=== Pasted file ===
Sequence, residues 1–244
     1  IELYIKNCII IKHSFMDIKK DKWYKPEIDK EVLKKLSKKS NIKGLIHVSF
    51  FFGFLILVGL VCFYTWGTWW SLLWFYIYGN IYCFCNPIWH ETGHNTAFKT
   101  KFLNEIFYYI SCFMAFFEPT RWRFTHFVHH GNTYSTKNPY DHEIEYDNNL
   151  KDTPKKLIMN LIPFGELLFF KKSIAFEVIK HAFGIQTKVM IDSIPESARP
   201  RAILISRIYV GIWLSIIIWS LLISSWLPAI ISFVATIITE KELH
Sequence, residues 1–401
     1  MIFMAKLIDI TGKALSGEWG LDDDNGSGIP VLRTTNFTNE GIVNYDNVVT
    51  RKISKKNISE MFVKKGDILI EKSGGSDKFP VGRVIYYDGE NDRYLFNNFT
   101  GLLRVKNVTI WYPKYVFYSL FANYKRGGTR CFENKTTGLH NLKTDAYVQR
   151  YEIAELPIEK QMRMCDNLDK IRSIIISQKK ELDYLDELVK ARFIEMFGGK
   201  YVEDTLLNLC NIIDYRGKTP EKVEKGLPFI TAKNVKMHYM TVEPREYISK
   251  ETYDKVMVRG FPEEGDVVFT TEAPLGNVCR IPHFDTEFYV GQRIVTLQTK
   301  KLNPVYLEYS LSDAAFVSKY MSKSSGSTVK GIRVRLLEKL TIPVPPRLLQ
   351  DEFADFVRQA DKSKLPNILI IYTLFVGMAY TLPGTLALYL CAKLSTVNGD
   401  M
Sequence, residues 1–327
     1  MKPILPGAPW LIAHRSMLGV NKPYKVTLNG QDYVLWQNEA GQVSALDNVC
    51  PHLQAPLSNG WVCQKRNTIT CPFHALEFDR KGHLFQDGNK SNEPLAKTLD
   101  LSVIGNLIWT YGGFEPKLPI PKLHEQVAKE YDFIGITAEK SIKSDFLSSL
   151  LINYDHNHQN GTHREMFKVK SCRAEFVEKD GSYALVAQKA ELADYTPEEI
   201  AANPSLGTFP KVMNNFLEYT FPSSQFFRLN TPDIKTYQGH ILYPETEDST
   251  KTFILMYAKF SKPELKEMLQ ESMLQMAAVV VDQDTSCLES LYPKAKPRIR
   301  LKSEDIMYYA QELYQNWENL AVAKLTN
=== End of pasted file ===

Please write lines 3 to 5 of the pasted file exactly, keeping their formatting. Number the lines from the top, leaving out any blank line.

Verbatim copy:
    51  FFGFLILVGL VCFYTWGTWW SLLWFYIYGN IYCFCNPIWH ETGHNTAFKT
   101  KFLNEIFYYI SCFMAFFEPT RWRFTHFVHH GNTYSTKNPY DHEIEYDNNL
   151  KDTPKKLIMN LIPFGELLFF KKSIAFEVIK HAFGIQTKVM IDSIPESARP